International Women’s Day

8 Mars aka International Woman’s Day is a huge deal in Burkina Faso. 

It’s considered a holiday so there is no school. As well, in some villages, there are always all sorts of activities going on in every village to celebrate their hard working women, and spark discussions about the hardships woman still face. 

Men are also responsible for all the house work (“women’s work”)for the day. They go to the maket, cook dinner, wash clothes, take care of the kids, and clean the house.

At school, the students are learning about, and discussing forced marriages, and spousal abuse in the hope that they will be able carry change with them as they grow up. 

As PC Burkina is looking for 100% of volunteers to spend some time doing gender related this week I decided to spend the week discussing the”time poverty” experienced by women and girls, and the importance of girls education.  

  
Time Poverty

To begin I had the students write out their daily schedules. Explaining what time they get up, when they go to school, when they study, and  when they do other household choirs. 

Once that was finished, I asked the boys what they do everyday, and then the girl, and wrote the activities in different colums on the board. 

Next, I asked if there are similarities, and because there are (though boys said there aren’t and girls said there are), I drew a line through everything they had in common. I then asked the students who’s list who they do those activities for.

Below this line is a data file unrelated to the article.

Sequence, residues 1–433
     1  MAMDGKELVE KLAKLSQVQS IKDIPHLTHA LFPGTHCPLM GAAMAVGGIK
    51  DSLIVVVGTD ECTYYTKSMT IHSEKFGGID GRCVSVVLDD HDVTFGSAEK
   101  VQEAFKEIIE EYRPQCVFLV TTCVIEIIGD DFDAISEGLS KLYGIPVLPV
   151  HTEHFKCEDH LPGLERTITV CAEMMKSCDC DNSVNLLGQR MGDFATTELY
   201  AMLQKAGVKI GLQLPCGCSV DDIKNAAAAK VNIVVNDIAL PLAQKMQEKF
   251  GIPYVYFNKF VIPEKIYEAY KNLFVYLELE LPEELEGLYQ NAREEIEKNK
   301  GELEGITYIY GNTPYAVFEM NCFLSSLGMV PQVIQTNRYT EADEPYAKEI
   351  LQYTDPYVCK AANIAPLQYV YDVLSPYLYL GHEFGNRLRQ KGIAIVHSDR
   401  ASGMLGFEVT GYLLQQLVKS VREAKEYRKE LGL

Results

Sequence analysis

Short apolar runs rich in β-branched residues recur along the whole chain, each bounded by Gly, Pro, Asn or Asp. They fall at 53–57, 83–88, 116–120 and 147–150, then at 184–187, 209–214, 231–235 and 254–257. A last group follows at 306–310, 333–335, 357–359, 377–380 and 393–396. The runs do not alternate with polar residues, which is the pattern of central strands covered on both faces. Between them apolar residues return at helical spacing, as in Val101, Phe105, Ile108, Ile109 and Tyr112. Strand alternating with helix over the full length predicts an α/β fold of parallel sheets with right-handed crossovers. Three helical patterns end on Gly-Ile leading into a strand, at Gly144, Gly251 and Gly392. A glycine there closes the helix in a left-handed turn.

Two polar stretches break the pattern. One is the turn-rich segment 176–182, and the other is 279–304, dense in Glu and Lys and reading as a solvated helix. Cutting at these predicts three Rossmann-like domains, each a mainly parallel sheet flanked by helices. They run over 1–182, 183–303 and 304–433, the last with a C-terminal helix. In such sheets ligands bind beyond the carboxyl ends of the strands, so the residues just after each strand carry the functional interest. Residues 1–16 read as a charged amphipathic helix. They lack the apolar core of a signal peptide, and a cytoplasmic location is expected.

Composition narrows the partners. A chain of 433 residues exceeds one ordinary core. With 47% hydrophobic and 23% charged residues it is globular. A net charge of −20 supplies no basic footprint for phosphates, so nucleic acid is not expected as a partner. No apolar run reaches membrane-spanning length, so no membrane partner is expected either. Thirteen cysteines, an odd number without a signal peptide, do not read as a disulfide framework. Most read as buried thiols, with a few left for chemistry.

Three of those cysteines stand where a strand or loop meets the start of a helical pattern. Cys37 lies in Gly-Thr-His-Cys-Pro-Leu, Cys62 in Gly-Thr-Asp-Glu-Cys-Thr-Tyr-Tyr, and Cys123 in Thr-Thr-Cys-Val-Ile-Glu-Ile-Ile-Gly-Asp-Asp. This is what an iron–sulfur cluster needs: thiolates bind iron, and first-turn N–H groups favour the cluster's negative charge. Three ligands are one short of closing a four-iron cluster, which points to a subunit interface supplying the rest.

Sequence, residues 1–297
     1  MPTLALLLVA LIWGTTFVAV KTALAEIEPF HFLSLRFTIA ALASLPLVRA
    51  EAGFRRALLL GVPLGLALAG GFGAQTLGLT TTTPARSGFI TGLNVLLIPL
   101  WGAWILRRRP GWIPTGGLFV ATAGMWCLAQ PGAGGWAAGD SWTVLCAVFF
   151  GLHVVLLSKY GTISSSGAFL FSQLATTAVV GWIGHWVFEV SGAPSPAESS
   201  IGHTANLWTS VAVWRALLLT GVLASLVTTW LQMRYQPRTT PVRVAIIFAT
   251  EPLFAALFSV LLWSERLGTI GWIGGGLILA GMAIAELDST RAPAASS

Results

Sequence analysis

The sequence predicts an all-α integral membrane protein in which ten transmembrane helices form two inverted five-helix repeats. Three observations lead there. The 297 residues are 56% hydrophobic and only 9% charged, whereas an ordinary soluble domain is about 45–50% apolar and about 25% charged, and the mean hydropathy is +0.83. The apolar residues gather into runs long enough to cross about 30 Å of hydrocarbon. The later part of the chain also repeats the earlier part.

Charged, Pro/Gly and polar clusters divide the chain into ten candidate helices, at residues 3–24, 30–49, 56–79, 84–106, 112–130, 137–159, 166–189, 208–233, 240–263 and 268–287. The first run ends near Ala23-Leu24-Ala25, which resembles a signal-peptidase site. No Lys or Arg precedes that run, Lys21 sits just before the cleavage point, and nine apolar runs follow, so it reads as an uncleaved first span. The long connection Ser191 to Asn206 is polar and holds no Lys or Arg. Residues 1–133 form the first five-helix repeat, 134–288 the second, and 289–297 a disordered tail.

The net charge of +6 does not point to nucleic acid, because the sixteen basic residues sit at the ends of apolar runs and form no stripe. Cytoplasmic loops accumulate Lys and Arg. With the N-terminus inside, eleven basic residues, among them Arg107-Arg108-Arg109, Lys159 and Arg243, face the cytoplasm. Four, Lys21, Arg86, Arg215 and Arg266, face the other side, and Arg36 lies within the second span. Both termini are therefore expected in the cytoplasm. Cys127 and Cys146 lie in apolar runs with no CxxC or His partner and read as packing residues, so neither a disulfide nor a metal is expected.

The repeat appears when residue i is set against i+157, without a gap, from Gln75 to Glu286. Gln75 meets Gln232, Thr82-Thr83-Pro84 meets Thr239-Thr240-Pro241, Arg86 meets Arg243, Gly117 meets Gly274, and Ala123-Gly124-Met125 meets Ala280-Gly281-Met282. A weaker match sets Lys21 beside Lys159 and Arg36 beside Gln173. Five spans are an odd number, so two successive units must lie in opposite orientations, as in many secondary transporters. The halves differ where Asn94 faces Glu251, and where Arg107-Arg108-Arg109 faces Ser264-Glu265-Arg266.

For example, I asked the girls who they wash clothes for, and they said “for everyone in the family.” When I aske the boys (as a few said they do wash clothes) they said they only wash for themselves. 

I then asked the boys if they thought girls had much free time, and if they don’t, does that mean they have a lot of time to study for school. 

Of course not. 

I then explained the “time poverty,” graph, and that woman work more unpaid hours than men. 

Some students were quite surprised, and expressed that it wasn’t fair. While others said it’s because women can’t do the same work as men for money. 

Though when pressed for an explanation as to why women can’t do the same work as men, the boys were hard pressed to come up with a good reason. 

I explained that of course women can do the same work as men, and if we want gender equality men should work as partners to women, in and outside the home, by supporting women, and by helping out at home so women are not bearing an unfair load. 

Girls Education

The next class I presented a short bio on Mrs. Konan Dicoh Mariam aka Côte d’Ivoire’s first female chemist, and the face of the 25 CFA coin. 

After reading the biography I showed my class the Secondary school pass rates in Burkina in 2014 (11.4% of boys, and 6.6% of girls conpleted secondary school). After which, my class discussed the importance of education, and the difficulties girls face in their quest to complete their education. 

Though I think by my second session my students were a little bored with the discussion, (I could feel their exasperation in their silence as I asked how we can help girls complete their education) can only hope that the message stuck, and my students (both girls and boys alike) will be plugging for gender equality in the future. 

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